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by Steve Watts February 13, 2019 3 min read

Are you tired of bumping elbows with watermen as you wait in the lineup?

It's getting harder and harder to find uncrowded waves, with a combination of Surfline Google maps and the myriad other options to find the perfect wave nothing seems sacred. But don’t despair not all is lost, however, it does require a bit of work, a dash wanderlust, an adventurous spirit and the willingness to believe that if you've heard about the break, chances are, so have a lot of others people.

Our word of advice is to strap on a backpack, book a plane ticket and go explore. You might just find your dream! As with most things in life finding something special takes effort and bit of luck, but when it happens it will be the most incredible experience imaginable, something you will take to the grave with you. This was the experience I had hitchhiking through Mexico. After a 2 hour hike along a secluded dirt road with the very real chance of (I realized after the fact) running into bandits as we were in Cartel territory. I and a friend found a desolate beach with a perfect wedge-like shore break, big and very powerful. We had it to ourselves the entire day not a sole to be seen, not a GoPro to be had, nothing but us and the warm Pacific Ocean for 5 hours and perfect aqua blue barrels on tap just the two of us, pure heaven!

I have similar stories of searching for and finding perfect uncrowded waves from a volcanic beach in Morocco to a hidden palm fringed reef break in Northern Sumatra. I spent my entire 20’s in “The search” and it does sadden me to see some of those secluded breaks popping up on the front cover of surfing magazines around the world. However a little secret I’ll let you in on. If you are willing to work for it and take the time to explore there are uncountable secret, uncrowded and magical experiences to be had. They are yours to find.   

However, if taking 10 years off work to explore the globe might annoy your wife and probably alienate your kids. Then check out this list of five secluded waves that take some navigation to find and on any given day will probably result in a smile from ear to ear. The only downside being is there will be no one around to witness your epic barrel exit. But then hey, who cares!

Wide Open Waves in secluded places

Carova Beach, Outer Banks (North Carolina, USA)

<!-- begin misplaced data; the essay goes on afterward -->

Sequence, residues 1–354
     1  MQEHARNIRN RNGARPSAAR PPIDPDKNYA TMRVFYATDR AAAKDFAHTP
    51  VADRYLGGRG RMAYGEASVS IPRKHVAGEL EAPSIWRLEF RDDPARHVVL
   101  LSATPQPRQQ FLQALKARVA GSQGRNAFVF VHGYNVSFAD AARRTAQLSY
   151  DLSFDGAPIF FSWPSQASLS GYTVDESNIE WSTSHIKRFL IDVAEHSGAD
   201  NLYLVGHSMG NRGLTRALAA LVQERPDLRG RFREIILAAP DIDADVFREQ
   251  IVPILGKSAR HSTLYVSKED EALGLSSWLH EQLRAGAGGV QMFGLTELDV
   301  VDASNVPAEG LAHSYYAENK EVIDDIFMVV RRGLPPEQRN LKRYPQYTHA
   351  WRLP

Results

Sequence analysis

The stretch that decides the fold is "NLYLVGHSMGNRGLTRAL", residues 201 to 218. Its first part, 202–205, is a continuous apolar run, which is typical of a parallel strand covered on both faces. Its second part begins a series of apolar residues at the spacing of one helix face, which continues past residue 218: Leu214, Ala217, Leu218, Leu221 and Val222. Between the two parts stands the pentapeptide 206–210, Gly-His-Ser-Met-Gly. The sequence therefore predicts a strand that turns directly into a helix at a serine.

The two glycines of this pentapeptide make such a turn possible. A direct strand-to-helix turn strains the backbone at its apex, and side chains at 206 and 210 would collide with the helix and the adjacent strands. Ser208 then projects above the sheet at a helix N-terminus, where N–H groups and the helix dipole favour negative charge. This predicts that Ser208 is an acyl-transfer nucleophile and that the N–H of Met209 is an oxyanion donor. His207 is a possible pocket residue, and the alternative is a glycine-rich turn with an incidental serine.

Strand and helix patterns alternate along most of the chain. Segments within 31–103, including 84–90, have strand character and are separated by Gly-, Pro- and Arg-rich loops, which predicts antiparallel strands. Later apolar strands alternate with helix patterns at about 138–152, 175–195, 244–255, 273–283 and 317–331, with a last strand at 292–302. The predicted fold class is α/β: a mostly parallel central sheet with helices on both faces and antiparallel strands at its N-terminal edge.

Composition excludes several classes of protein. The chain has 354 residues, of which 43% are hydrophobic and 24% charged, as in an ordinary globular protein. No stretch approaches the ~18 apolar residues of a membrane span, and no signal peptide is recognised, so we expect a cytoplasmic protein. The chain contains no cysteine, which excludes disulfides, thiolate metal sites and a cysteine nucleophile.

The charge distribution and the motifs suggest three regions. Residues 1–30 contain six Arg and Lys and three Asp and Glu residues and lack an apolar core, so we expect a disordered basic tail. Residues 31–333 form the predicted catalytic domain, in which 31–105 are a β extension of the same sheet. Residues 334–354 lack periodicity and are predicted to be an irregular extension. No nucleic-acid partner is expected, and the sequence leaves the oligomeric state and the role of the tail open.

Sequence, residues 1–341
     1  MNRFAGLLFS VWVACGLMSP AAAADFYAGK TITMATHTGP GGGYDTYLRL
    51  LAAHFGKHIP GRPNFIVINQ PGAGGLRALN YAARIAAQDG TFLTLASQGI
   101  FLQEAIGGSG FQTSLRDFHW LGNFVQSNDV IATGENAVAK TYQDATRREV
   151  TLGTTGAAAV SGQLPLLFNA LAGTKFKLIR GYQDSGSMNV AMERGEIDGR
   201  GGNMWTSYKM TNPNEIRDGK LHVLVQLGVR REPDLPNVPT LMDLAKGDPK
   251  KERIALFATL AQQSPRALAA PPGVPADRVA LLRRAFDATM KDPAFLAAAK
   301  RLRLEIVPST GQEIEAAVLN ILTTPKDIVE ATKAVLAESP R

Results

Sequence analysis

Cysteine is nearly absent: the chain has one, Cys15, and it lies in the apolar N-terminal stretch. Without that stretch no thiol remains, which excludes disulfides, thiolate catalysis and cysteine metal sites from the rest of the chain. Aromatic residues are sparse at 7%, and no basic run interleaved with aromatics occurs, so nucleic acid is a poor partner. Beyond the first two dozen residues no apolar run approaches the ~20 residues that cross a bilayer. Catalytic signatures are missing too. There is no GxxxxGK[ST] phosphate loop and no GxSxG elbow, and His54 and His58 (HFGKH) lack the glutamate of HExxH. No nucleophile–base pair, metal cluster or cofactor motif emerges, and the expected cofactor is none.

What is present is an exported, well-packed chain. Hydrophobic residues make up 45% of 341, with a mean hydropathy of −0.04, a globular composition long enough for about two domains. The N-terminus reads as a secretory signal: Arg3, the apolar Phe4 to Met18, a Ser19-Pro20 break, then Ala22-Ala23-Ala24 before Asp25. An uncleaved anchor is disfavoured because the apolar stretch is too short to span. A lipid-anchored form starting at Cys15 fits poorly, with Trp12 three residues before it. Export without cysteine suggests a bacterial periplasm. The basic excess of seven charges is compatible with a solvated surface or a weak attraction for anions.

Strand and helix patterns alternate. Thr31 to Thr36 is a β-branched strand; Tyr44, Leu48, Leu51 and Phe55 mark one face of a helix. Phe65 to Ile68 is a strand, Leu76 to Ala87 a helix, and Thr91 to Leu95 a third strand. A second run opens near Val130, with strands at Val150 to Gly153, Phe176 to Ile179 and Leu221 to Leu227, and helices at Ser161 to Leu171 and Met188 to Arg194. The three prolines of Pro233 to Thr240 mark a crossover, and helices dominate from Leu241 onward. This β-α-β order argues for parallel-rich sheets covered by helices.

The beach where these waves are found is devoid of tourists, as well as any paved roads whatsoever.  Wildlife here is complete with birds and wild horses that enjoy frolicking on the sands.  Fully furnished rental houses are available for anyone planning to shred the waves for more than a day.

Wildcat Beach world's most secluded waves

Wildcat Beach, Point Reyes National Seashore (California, USA)

This 2 1/2 mile beach, stretching from Alamere Falls in the south to Arch Rock in the north, is one of the most secluded beaches in the Point Reyes National Seashore, and it's quite a trek to get there.  The waves are reachable by either a 5-mile hike or a 7-mile bike ride.  After you've finished your workout getting there, you can enjoy the waves and take a gander at the awesome beach-side waterfall located there.

Awahuna Beach world's most secluded waves
Awahua Beach, Molokai (Hawaii, USA) 

These waves are among the most unreachable on the island of Molokai, which is a remote island in the chain of Hawaiian Islands. Molokai is far less developed than its fellow Hawaiian Islands, and for good reason.     
After leprosy was brought to the islands, those suffering were banished to Kalaupapa on the north side of Molokai in an effort to isolated them, since there is no cure for the disease.  The trail to Awahua's waves is accessible only by tour group because you must pass through the leper colony that was in operation until 1969.  However, pristine beaches, beautiful waves, and black sand are well worth the hike. 

Olympic National Park Beaches world's most secluded waves
Olympic National Park Beaches (Washington, USA)

This collection of beaches on Washington's Olympic Peninsula makes up a large amount of the rocky Pacific Northwest Coast.  While most of these beaches are named with a number, a few special ones, like Ruby Beach. The waves at Ruby Beach help make this beach one of the most scenic in the area.  The work required to reach these waves is a little more difficult than most beaches, but ultimately that means fewer tourists for you!

So if you're looking for more waves than people at your next surf spot, try out one of these secluded spots.  Once you're there you just have to sit back, relax and get barreled!

Travel Light with a Gromboard→

Steve Watts
Steve Watts

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